To prevent the thin flexible front 2 from sagging, the bottoms of some of the depressed portions seat on the back as indicated at 29, 30, 31, 32, 33 and 34. These depressed portions may extend throughout the entire area of the recesses, as in the case of the recess 11 for valve 12, or they may be confined to a small part of the recesses as in the case of the portions 2d to 34. To support the liquid containers in upright position while in use, the front is preferably provided with wells into which the bottoms of the containers fit and, as shown in FIG. 5, the depressed portions such as 33 and 34 may serve both as wells and as supports for the thin flexible front 2.

All of the parts of the tray and the contents of the tray may be formed of inexpensive material so that they may be discarded after one use instead of cleaned and resterilized, thereby avoiding the time and expense of washing, sterilizing, breakage, return of equipment to central supply, etc., and also avoiding the danger of incomplete sterilization because the parts are sealed, sterilized and tested at the time of manufacture. I

It should be understood that the present disclosure is for the purpose of illustration only and that this invention includes all modifications and equivalents which fall within the scope of the appended claims. For example, some parts, such as a hemostat, needle holder, spinal needles, sternal needles, etc., may not be disposable, in which case they are preferably placed in recesses in the front part which are not covered by the cover sheet before delivery from the central supply room of the hospital.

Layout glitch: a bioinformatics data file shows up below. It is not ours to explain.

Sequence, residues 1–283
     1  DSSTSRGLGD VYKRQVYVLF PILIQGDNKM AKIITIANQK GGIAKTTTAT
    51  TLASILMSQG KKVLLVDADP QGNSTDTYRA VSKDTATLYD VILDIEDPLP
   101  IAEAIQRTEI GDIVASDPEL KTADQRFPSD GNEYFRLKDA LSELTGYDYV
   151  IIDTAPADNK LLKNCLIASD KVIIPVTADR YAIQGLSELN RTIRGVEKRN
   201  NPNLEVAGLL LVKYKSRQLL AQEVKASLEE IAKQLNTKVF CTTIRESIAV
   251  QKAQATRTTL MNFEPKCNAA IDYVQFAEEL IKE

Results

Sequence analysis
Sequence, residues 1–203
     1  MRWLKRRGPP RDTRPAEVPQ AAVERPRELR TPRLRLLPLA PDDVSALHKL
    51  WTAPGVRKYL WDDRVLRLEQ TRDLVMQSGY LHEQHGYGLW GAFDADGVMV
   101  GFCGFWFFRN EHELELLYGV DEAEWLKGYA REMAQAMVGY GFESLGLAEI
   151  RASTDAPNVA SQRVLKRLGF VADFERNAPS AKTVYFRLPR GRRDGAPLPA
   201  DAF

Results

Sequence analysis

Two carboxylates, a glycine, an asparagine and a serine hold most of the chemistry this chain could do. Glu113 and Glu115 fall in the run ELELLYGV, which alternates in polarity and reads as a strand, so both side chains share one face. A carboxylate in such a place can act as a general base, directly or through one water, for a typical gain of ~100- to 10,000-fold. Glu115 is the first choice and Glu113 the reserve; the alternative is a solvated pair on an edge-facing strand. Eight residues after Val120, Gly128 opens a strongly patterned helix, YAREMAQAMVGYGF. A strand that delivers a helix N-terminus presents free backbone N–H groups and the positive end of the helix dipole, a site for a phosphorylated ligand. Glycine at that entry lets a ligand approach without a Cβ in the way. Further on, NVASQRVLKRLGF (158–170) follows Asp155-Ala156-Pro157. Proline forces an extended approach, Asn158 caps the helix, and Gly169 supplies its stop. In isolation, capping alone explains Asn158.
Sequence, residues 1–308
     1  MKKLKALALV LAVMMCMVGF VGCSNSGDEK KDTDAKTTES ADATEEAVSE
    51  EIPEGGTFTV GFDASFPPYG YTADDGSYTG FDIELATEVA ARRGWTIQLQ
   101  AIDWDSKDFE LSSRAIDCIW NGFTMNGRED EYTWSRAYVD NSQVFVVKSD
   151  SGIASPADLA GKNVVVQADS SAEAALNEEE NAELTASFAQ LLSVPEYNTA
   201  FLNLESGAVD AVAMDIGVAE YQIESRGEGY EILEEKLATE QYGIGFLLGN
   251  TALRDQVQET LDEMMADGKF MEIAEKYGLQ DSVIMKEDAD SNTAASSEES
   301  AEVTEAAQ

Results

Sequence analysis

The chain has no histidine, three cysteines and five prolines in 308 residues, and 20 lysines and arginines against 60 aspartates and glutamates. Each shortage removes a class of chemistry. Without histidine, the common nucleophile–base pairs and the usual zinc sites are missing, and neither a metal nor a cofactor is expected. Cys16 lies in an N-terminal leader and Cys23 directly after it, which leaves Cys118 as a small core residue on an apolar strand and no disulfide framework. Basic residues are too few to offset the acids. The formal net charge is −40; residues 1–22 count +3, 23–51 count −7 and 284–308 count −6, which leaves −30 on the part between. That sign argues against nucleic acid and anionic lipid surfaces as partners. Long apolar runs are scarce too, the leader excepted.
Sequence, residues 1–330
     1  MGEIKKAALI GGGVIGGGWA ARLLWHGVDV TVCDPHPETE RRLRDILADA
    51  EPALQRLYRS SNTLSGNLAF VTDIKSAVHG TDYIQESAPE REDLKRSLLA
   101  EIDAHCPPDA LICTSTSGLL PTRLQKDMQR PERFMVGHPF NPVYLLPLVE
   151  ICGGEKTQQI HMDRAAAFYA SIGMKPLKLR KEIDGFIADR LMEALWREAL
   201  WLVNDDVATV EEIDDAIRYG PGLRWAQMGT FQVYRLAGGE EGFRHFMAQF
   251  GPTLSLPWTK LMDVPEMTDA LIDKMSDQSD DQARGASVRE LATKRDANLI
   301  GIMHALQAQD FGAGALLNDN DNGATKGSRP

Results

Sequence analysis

I claim:

' l. A disposable medical tray comprising a part having recesses in its face for instruments and liquid containers, the liquid containers being received in their recesses in a position of repose and an impervious sheet covering certain of said recesses and sealingly enclosing the contents of the recesses to keep them sterile, said part also having wells into which the bottoms of said liquid containers fit to hold them in upright position while in use, the wells being located in thebottoms of the recesses for the containers respectively.

2. A disposable medical tray for instruments and Supplies used in performing a medical procedure comprising front and back parts, one of the parts having marginal flanges parallel with and seating on the margin of the surface of the other part, said front part having recesses in its face for instruments and supplies, and a transparent impervious sheet covering the front part retaining at least part of the instruments and supplies and overlapping the back part, the overlapping portions of the cover being sealed only behind the back part to keep the contents sterile.

3. A disposable medical tray for instruments and supplies used in performing a medical procedure comprising a flat back, a front having marginal flanges seating on the margin of the back and having recesses in its face for instruments and liquid containers, and a transparent impervious sheet covering the front and overlapping the back, the over-lapping portions of the cover being sealed behind the back to keep the contents sterile, said front also having wells into which said liquid containers fit to hold them in upright position while in use, the wells being located in the bottoms of the recesses for the containers respectively.